The metal contents of the composites were determined by inductively coupled plasma optical emission spectrometry (ICP-OES) using an ICP-OES PerkinElmer OPTIMA 8300 spectrometer (PerkinElmer, Madrid, Spain).
The samples were texturally characterized by physical adsorption of nitrogen, scanning electron microscopy (SEM), high resolution transmission electron microscopy (HRTEM), and chemically characterized by X-ray diffraction (XRD) and X-ray photoelectron spectroscopy (XPS) Linear sweep voltammetries (LSV) were also carried out.
N2 adsorption was carried out at −196 °C. Prior to this measuring process, the samples were outgassed overnight at 110 °C under high vacuum (10−6 mbar). The BET equation was applied to the N2 adsorption data obtaining the apparent surface area, SBET. The Dubinin-Radushkevich (DR) equation was applied to the N2 adsorption data to obtain the corresponding micropore volume (W0) and micropore mean width (L0). Total pore volumes (V0.95) were calculated from N2 adsorption isotherms at −196 °C and at 0.95 relative pressure.
SEM was carried out using a Zeiss SUPRA40VP scanning electron microscope (Carl Zeiss AG, Oberkochen, Germany), equipped with a secondary electron detector, back-scatter electron detector and by using an X-Max 50 mm energy dispersive X-ray microanalysis system. All the samples were crushed before performing this analysis.
HRTEM was performed using a FEI Titan G2 60–300 microscope (FEI, Eindhoven, The Netherlands) with a high brightness electron gun (X-FEG) operated at 300 kV and equipped with a Cs image corrector (CEOS), and for analytical electron microscopy (AEM) a SUPER-X silicon-drift window-less EDX detector.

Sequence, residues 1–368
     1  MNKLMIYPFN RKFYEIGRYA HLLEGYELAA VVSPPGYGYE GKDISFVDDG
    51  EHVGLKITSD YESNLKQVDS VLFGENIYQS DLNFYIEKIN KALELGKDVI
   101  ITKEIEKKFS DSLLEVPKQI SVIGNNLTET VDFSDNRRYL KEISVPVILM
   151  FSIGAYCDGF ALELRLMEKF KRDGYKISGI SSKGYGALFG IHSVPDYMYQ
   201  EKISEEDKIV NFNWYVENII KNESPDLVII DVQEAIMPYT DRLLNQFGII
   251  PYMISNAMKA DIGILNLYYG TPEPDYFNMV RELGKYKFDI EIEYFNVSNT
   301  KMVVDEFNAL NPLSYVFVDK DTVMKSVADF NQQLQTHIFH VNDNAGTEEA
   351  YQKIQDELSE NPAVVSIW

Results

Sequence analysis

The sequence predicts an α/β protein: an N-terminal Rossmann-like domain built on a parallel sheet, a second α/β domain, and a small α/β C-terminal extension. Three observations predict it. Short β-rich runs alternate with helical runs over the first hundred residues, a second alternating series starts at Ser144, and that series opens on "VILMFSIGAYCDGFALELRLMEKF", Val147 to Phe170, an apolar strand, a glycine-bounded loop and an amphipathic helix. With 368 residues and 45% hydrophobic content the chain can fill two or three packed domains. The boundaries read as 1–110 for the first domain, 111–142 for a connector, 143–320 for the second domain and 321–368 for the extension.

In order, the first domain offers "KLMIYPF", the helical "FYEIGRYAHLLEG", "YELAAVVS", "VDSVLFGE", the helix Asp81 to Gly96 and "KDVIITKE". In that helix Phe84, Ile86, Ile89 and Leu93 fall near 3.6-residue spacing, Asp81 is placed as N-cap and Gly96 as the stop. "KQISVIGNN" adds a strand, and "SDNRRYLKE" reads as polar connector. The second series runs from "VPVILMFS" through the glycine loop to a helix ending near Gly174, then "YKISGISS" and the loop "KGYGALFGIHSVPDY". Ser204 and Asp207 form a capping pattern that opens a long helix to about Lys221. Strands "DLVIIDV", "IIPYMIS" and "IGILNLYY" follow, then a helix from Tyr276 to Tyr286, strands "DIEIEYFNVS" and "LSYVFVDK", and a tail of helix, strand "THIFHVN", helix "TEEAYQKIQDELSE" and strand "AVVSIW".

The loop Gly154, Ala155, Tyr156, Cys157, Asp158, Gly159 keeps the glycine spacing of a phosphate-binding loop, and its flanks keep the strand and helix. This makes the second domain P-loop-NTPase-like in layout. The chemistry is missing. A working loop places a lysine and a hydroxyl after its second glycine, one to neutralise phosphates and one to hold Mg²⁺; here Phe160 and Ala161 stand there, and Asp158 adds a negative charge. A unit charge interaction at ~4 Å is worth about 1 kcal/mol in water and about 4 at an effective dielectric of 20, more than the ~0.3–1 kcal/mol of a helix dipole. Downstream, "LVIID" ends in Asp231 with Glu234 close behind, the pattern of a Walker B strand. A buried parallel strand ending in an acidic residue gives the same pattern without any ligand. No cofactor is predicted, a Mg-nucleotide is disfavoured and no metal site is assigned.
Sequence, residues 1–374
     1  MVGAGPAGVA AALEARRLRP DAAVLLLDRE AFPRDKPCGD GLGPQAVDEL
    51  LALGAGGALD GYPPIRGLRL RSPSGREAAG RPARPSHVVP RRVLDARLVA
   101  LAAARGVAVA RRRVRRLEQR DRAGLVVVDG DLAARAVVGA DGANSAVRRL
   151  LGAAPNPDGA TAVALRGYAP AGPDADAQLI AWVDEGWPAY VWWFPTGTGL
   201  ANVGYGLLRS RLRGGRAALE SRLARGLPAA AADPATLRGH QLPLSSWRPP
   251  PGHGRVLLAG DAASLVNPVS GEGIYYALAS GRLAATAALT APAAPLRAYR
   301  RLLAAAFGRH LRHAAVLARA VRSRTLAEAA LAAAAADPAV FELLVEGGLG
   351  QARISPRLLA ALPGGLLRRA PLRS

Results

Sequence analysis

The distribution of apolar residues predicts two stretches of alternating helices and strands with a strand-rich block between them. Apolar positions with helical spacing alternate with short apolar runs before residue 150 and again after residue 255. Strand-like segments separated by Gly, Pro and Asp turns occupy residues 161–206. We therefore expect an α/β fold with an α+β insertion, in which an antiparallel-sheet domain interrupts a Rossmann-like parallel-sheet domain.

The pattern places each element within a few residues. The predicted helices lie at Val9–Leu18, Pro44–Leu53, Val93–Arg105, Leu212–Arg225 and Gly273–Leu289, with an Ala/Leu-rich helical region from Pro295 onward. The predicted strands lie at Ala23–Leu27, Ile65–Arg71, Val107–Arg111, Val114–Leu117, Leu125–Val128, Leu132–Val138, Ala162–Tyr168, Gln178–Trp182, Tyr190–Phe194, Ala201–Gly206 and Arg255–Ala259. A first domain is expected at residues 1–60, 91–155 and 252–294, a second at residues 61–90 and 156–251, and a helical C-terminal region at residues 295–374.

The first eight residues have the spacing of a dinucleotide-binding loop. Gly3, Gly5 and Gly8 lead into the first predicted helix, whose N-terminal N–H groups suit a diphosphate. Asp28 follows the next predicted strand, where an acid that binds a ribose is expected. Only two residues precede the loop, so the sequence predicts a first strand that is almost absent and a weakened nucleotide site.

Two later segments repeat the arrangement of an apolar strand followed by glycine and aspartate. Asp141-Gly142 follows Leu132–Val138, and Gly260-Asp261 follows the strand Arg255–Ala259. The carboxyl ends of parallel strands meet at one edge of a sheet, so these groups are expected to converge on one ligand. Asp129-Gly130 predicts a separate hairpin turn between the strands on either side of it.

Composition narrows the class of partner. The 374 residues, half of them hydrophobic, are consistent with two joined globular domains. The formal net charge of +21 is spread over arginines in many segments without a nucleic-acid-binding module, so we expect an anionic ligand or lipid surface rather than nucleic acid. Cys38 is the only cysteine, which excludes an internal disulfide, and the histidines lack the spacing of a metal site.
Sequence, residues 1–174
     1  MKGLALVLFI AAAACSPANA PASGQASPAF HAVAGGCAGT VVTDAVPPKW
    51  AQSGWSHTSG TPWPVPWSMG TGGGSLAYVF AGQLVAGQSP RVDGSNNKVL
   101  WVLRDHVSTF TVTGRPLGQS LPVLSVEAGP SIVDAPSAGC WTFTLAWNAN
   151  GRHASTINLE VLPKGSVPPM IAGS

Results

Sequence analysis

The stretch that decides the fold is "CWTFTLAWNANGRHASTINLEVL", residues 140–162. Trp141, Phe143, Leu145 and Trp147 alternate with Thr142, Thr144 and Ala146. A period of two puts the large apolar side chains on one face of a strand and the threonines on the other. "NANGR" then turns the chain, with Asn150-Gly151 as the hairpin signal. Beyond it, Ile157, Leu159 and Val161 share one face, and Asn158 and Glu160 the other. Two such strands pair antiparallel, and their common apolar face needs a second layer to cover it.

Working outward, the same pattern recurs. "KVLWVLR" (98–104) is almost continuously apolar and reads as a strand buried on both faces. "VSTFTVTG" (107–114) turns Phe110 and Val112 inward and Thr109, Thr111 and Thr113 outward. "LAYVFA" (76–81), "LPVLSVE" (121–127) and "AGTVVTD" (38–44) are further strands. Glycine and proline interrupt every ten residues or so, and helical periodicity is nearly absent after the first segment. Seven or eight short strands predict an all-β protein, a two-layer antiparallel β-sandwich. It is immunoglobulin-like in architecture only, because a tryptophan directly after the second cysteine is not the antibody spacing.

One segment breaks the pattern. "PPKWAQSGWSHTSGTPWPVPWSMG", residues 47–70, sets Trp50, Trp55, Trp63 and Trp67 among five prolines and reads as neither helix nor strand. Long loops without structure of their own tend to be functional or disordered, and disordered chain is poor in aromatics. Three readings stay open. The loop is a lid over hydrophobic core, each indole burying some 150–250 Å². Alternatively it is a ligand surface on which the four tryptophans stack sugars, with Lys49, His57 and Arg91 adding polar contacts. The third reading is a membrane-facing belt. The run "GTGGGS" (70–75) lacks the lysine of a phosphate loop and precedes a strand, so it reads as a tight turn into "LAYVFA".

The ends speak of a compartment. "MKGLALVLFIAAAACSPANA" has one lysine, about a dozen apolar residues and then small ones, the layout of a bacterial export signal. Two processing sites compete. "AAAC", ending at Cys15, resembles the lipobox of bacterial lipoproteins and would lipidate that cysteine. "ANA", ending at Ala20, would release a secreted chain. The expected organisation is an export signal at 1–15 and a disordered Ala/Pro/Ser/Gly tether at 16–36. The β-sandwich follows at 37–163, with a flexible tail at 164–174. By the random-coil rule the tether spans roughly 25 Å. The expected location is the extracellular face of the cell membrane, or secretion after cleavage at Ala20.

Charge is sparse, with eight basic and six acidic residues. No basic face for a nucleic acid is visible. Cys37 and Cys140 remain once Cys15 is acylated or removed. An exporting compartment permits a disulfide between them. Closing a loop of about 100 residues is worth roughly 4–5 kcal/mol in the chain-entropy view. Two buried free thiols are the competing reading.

XRD analysis was carried out BRUKER D8 ADVANCE diffractometer (BRUKER, Rivas-Vaciamadrid, Spain) using CuKα radiation. JCPDS files were searched to assign the different diffraction lines observed. Diffraction patterns were recorded between 10° and 70° (2θ) with a step of 0.02° and a time per step of 96 s. The average crystal size was determined using the Scherrer equation.
XPS measurements of the metal-carbon-CNF composites were performed using a Physical Electronics ESCA 5701 (PHI, Chanhassen, MN, USA) equipped with a MgKα X-ray source (hυ = 1253.6 eV) operating at 12 kV and 10 mA and a hemispherical electron analyzer. The obtained binding energy (BE) values were referred to the C1s peak at 284.7 eV. A base pressure of 10−9 mbar was maintained during data acquisition. The survey and multi-region spectra were recorded at C1s, O1s, Fe2p, Co2p, Ni2p, K2p and Ca2p photoelectron peaks. Each spectral region was scanned enough times to obtain adequate signal-to-noise ratios. The spectra obtained after the background signal correction were fitted to Lorentzian and Gaussian curves to obtain the number of components, the position of each peak, and the peak areas.
Electro-catalytic reduction of CO2
to hydrocarbons was carried out in a three-electrode cell, working in batch mode at ambient temperature and pressure. The cell has 300 cm3